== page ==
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In certain Florida HOA issues, nonbinding arbitration (NBA) is required before taking the matter to litigation. NBA allows a "qualified representative" (QR), to represent a homeowner: this person does not need to be a lawyer licensed to practice in Florida. Said QR does not need to be attorney.

Assume that Fred, a DC attorney, is Mary's "qualified representative" in Florida nonbonding arbitration. If Fred's service is Pro Bono, I would think that this is not UPL (I could very well be wrong). If Fred acts as a QR but charges a fee, is this UPL? What exactly is the litmus test for UPL?

IANAL: responses with hyperlinks to legal jargon ("mens rea", etc.) are appreciated. Thank you

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The exact definition of Unlicensed Practice of Law (UPL) varies from state to state, and is often rather vague. Florida code section 454.23 provides that:

Any person not licensed or otherwise authorized to practice law in this state who practices law in this state or holds himself or herself out to the public as qualified to practice law in this state, or who willfully pretends to be, or willfully takes or uses any name, title, addition, or description implying that he or she is qualified, or recognized by law as qualified, to practice law in this state, commits a felony of the third degree.

But that does not clearly define "practice of law," nor does this page on UPL from the Florida bar.

In The Florida Bar v. Sperry, 140 So. 2d 587, 591 (Fla. 1962), the court wrote:

... if the giving of advice and performance of services affect important rights of a person under the law, and if the reasonable protection of the rights and property of those advised and served requires that the persons giving such advice possess legal skill and a knowledge of the law greater than that possessed by the average citizen, then the giving of such advice and the performance of such services by one for another as a course of conduct constitute the practice of law. (Quoted in "SUMMARY OF UNLICENSED PRACTICE OF LAW CASES" (PDF from the Florida courts)

The "Summary" (linked just above) further says:

Although a codified definition does not exist, there is a large body of case law applying the Sperry test to determine whether a specific activity constitutes the unlicensed practice of law. Therefore, although one cannot go to one particular source such as a dictionary for a definition, in most instances whether an activity constitutes the unlicensed practice of law can be found in case law.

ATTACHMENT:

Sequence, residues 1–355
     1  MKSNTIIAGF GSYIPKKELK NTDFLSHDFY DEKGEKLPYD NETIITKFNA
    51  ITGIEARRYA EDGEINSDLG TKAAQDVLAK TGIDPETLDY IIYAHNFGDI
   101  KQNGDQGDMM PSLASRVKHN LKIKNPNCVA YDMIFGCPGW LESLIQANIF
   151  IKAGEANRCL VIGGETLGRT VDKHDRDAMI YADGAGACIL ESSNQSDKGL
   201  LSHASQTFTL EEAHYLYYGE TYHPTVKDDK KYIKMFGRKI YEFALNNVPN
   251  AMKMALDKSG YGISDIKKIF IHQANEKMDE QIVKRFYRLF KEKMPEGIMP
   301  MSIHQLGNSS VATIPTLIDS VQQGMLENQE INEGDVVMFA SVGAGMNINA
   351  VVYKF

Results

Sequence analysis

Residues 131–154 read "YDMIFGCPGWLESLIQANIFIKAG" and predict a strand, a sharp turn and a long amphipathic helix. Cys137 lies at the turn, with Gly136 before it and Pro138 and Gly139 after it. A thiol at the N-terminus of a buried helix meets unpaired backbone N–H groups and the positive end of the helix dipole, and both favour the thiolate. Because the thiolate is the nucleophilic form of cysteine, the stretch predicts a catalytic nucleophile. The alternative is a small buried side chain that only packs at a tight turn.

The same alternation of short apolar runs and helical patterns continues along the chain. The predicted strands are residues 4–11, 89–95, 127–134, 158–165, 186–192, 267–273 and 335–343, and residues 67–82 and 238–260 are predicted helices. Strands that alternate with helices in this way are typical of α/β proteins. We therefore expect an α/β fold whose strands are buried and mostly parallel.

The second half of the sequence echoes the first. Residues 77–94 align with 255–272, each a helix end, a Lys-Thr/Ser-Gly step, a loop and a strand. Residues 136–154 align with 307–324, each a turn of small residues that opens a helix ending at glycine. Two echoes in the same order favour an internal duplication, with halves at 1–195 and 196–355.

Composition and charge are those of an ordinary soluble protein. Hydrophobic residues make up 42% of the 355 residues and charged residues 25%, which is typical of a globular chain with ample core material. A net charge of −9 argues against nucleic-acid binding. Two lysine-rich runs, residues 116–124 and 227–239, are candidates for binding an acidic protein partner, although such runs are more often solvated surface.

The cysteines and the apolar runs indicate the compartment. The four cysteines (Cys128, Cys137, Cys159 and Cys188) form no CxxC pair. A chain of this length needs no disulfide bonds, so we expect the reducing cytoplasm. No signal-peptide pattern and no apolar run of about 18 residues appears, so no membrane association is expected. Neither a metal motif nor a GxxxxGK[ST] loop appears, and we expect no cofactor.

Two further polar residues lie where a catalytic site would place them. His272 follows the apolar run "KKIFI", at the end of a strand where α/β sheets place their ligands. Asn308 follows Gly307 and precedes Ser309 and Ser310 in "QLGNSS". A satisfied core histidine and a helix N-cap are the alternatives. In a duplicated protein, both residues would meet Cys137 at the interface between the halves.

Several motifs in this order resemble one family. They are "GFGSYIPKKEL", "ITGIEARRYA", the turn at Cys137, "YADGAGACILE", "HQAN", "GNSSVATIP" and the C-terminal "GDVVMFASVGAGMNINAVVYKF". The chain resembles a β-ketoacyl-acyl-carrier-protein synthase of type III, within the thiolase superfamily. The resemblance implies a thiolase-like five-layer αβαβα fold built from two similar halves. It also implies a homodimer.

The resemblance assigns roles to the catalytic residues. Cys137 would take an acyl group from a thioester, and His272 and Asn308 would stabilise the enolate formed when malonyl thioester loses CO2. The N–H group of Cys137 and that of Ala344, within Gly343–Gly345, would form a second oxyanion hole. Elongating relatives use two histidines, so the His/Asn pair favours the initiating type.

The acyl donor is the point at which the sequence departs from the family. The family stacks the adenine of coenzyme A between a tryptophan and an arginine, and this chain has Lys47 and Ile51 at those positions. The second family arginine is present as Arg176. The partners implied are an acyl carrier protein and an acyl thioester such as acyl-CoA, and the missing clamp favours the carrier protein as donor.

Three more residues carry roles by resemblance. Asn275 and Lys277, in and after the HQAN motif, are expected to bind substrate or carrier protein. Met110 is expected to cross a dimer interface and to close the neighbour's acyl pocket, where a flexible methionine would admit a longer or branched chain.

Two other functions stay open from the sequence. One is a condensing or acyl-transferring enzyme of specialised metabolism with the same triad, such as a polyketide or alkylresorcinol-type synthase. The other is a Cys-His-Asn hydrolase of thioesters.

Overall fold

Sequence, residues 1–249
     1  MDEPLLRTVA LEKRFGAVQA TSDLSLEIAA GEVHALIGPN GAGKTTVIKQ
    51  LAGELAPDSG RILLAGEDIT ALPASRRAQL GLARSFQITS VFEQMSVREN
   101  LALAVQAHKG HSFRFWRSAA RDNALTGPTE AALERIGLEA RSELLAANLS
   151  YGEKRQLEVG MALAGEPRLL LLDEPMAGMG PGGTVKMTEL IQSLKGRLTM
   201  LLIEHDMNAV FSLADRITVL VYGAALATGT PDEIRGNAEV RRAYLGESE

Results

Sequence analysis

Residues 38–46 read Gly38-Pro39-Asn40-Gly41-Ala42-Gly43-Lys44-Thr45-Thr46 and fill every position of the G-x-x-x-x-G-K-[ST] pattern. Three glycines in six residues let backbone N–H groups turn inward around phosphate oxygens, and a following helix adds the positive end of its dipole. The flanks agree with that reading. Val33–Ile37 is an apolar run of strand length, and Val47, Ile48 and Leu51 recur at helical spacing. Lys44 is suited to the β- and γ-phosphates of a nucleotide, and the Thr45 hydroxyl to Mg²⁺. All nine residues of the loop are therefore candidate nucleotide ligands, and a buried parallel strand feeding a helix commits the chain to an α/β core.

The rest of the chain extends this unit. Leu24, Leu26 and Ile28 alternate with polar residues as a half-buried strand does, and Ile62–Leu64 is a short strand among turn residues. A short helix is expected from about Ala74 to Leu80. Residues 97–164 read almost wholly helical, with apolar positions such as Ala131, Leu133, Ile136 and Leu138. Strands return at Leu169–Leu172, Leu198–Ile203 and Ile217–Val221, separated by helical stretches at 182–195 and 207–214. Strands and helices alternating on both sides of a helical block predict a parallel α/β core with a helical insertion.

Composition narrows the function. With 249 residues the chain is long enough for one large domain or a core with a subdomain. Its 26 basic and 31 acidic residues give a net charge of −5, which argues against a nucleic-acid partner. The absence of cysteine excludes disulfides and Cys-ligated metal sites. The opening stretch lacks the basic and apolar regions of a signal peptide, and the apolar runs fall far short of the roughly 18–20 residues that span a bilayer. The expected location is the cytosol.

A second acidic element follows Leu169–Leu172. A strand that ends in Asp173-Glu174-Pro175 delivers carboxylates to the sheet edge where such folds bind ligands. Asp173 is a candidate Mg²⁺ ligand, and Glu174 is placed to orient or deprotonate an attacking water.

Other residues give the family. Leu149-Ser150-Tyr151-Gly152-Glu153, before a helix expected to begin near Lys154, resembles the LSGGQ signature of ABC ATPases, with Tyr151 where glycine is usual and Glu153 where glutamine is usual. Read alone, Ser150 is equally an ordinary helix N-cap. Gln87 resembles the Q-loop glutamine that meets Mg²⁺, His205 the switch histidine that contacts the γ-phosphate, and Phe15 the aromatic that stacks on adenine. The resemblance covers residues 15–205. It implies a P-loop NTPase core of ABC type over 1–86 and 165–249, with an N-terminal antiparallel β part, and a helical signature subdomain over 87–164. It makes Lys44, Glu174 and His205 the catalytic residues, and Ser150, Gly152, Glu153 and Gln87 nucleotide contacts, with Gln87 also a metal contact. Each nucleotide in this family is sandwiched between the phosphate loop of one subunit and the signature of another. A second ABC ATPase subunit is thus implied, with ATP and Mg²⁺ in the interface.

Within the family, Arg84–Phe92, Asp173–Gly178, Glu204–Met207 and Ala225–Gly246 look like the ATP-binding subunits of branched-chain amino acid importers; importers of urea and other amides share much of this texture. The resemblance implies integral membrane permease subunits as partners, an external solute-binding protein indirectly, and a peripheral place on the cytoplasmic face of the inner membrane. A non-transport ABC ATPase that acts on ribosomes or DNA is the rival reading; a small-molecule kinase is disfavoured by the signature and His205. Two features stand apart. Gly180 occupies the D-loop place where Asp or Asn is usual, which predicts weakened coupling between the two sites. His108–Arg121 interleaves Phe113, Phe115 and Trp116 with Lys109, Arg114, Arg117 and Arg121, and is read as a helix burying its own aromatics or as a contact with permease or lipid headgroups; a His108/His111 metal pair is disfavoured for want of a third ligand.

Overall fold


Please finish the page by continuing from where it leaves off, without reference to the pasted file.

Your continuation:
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An attorney admitted to the practice of law in a state other than Florida may not engage in the general practice of law in Florida or establish a law office in Florida. An attorney licensed to practice law in a state other than Florida may establish an interstate practice in Florida only if the attorney follows the guidelines of The Florida Bar v. Savitt, 363 So. 2d 559 (Fla. 1978).

An attorney admitted to the practice of law in a state other than Florida may not appear in a Florida court as the representative of a party unless the attorney first seeks permission to appear pro hac vice [for a particular occasion] pursuant to Rule 2.510 of the Florida Rules of Judicial Administration. (It should be noted that this rule does not allow a resident of Florida to appear pro hac vice.) Rule 4-5.5 of the Rules Regulating the Florida Bar describes the legal services an out-of-state attorney can provide in Florida on a temporary basis.

The Summery does not mention NBA or HOA practice. As this is not a court appearance, and as according to the Question a non-lawyer may appear as a QR, it woulds seem that such an appearance does not constitute the practice of law, and thus an out-of-state lawyer would not be committing UPL by representing someone in a NBA proceeding.

It does not appear that charging a fee is an essential element of UPL in Florida (although it is in some states). Thus if Fred may represent Ma\ty as a QR pro bono he may still do so for a fee.

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    A shout out to Florida Bar v. Sperry. It was about Florida trying to require patent practitioners to be licensed attorneys. In Sperry, SCOTUS said that what patent agents do (I am one!) is the narrow practice of law but that the state can't regulate it since it was set up by the feds for a good reason. The reason is that very few lawyers have any technical/scientific background and inventors deserve help without going to D.C. Patent agents can practice UPL only in a very narrow scope of patent law. It is UPL (but allowed by Sperry) becasue the USPTO does not license us, it registers. Jun 15, 2021 at 15:09
  • In addition to the UPL rules in Florida, there is probably a rule on multi-jurisdictional practice in the Rules of Professional Conduct part 8 that discuss when lawyers licensed outside Florida can represent clients in Florida without having it constitute UPL.
    – ohwilleke
    Jun 16, 2021 at 0:11

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